If you are a college basketball fan, this is your weekend. It is time for the Final Four. The road has ended with three # 1 seeds, and an improbable entry by Michigan State, a # 7 seed.
But, that is not his best book.
If you will click here, you will go to a blog post I wrote on March 16 last year about his book that chronicled college basketball’s most famous game. It was not its best game, but its most famous game. You remember the event – it had Michigan State with Magic Johnson, and Indiana State with Larry Bird. It was the game that catapulted college basketball into the prime time event that it is today.
You see the book cover below. The circus-like cover is more than symbolic.
It’s worth a few minutes to revisit that post. It really helps fans revisit how we got here.
With this week’s first and second round games in the NCAA basketball tournament, I am reminded of a book I read three years ago by Seth Davis, who is a Sports Illustrated columnist and CBS studio participant. His book, When March Went Mad: The Game That Transformed Basketball (New York: St. Martin’s Press, 2010), was about the epic battle featuring Larry Bird of Indiana State and Magic Johnson of Michigan State, played on March 26, 1979.
The game was broadcast by NBC with Dick Enberg, Al McGuire, and Billy Packer at the mike. It is a game I will remember forever, not because it was a great game – it was not – but rather, because of the amazing context, hype, and the fact that it launched college basketball onto the big-time scene.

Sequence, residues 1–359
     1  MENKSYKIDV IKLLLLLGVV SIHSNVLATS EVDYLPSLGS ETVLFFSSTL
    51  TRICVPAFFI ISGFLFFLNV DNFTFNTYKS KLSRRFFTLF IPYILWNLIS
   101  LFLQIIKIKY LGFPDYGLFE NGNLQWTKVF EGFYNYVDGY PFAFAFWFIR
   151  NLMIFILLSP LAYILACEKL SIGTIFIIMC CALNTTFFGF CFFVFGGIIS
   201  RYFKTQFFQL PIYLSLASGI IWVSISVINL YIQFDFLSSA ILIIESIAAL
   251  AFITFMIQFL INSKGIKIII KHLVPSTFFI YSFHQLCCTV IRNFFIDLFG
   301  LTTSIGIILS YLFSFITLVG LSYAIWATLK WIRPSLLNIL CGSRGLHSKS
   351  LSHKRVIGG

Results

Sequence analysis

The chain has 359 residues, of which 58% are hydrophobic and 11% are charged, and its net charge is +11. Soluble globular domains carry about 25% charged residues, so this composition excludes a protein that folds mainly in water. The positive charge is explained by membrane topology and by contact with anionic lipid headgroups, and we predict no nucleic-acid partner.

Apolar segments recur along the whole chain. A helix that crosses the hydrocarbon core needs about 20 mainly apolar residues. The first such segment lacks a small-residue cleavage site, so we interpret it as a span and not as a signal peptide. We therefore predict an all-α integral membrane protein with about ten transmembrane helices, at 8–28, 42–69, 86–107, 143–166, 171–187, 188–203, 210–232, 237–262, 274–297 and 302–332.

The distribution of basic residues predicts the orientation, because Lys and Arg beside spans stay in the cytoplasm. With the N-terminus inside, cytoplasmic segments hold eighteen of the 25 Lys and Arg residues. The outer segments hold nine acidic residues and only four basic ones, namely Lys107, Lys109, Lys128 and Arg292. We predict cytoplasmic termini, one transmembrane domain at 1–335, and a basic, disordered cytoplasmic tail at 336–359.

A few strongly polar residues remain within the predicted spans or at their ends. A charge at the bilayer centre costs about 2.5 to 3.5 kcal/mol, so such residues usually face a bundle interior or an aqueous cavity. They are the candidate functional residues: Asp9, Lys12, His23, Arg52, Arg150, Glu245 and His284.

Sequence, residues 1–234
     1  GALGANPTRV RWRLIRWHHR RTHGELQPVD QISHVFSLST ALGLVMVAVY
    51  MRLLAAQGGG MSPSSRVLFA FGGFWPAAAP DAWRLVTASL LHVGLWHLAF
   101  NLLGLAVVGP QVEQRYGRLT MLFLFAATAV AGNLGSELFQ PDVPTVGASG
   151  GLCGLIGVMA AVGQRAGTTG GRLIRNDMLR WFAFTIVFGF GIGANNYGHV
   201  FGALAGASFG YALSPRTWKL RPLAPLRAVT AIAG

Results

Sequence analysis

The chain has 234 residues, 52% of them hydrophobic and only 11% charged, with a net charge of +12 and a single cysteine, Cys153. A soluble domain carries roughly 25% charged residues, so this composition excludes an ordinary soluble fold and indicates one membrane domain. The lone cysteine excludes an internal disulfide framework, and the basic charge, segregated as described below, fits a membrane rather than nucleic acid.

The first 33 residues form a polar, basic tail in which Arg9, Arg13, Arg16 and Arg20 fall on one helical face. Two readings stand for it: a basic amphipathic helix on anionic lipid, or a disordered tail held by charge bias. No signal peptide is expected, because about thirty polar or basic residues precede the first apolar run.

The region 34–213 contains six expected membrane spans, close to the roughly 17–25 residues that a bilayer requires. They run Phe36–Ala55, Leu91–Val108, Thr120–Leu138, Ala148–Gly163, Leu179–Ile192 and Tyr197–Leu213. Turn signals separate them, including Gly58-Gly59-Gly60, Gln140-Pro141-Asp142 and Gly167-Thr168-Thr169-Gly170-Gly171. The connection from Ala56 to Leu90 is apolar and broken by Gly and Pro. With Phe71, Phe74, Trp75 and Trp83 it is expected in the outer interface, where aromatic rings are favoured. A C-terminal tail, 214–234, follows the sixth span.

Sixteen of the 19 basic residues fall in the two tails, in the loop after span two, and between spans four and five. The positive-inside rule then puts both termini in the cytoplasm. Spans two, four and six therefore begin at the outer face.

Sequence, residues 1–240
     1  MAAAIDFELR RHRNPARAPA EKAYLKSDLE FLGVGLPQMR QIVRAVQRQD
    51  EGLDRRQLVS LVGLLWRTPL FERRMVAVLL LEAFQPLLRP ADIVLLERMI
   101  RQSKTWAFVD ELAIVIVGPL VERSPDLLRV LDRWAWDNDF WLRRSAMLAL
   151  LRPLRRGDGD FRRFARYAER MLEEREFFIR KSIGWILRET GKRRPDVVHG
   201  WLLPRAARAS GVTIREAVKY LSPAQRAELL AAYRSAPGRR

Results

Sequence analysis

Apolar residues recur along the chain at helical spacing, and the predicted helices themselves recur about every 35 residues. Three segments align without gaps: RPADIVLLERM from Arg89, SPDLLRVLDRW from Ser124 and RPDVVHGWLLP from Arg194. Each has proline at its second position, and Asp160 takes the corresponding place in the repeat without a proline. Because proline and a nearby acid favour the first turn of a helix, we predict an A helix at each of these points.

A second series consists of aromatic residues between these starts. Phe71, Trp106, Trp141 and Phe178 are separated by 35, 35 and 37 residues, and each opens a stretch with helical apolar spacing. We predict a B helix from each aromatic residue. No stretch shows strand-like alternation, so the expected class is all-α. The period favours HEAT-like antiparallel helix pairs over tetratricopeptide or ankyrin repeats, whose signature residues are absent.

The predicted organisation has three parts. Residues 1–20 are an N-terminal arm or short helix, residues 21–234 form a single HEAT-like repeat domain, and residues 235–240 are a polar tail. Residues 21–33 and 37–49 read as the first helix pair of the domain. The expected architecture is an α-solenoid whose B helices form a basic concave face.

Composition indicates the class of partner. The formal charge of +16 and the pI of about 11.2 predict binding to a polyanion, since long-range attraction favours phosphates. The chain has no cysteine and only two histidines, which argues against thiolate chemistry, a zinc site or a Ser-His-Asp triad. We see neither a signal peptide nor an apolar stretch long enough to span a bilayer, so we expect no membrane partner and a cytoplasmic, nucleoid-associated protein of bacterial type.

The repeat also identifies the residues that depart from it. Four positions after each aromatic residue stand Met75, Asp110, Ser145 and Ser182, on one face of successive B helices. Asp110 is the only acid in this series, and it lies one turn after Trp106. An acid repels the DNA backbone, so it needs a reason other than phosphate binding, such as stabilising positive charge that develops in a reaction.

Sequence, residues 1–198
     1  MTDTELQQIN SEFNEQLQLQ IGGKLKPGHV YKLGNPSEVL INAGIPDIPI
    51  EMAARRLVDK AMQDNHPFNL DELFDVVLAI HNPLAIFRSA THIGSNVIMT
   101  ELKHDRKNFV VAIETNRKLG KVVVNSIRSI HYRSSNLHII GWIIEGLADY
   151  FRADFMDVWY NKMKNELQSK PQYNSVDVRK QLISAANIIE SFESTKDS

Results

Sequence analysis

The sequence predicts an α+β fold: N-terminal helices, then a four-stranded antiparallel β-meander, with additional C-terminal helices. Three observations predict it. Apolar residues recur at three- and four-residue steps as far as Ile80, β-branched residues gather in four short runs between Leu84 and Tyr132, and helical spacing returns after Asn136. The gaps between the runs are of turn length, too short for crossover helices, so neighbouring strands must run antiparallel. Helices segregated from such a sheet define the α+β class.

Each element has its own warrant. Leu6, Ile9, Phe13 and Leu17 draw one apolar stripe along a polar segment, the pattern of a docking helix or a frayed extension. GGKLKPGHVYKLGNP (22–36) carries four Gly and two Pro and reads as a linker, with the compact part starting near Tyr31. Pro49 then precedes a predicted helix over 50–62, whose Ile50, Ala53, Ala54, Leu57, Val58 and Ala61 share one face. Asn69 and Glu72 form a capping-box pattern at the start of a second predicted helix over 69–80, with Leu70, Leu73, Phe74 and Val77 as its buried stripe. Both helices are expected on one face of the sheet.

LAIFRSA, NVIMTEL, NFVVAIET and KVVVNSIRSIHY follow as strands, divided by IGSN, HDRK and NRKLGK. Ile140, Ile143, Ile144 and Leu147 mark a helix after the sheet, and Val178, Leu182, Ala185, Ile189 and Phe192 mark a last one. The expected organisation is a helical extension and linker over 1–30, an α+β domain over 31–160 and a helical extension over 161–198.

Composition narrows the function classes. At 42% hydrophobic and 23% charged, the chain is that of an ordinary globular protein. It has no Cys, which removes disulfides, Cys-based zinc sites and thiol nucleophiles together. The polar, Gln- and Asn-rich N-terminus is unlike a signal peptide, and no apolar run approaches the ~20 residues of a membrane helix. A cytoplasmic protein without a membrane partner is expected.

Prior to that time, college basketball was telecast regionally, with a few national games occasionally on a weekend. This game sparked interest in the sport, with two stars who became NBA legends, and played against each other many times.
Michael Wilbon of The Washington Post said the book is “a must-read for anybody who considers themselves a basketball fan.” I agree. It is very readable account not just of that game, but about all the build-up that began weeks before, and the window through which we now watch the game.
Particularly memorable is the account of Billy Packer’s refusal to acknowledge the greatness of Indiana State, because they did not play Top-20 teams in their conference. In fact, NBC had to arrange for a special broadcast to allow the country to see the team, and more especially, Larry Bird. In fact, to avoid any potential problems, Packer did not even cover the team in the early playoff rounds. Like all the other skeptics, he later came around.
But, you will enjoy his first book about this 1979 epic game, and all the events that led up to it, and followed it. It is history told as well as anyone could tell it.
Obviously, you will not see this at the First Friday Book Synopsis in Dallas. Not only is it too old, but it also is not about business. However, occasionally it’s good to read something else. Try this one!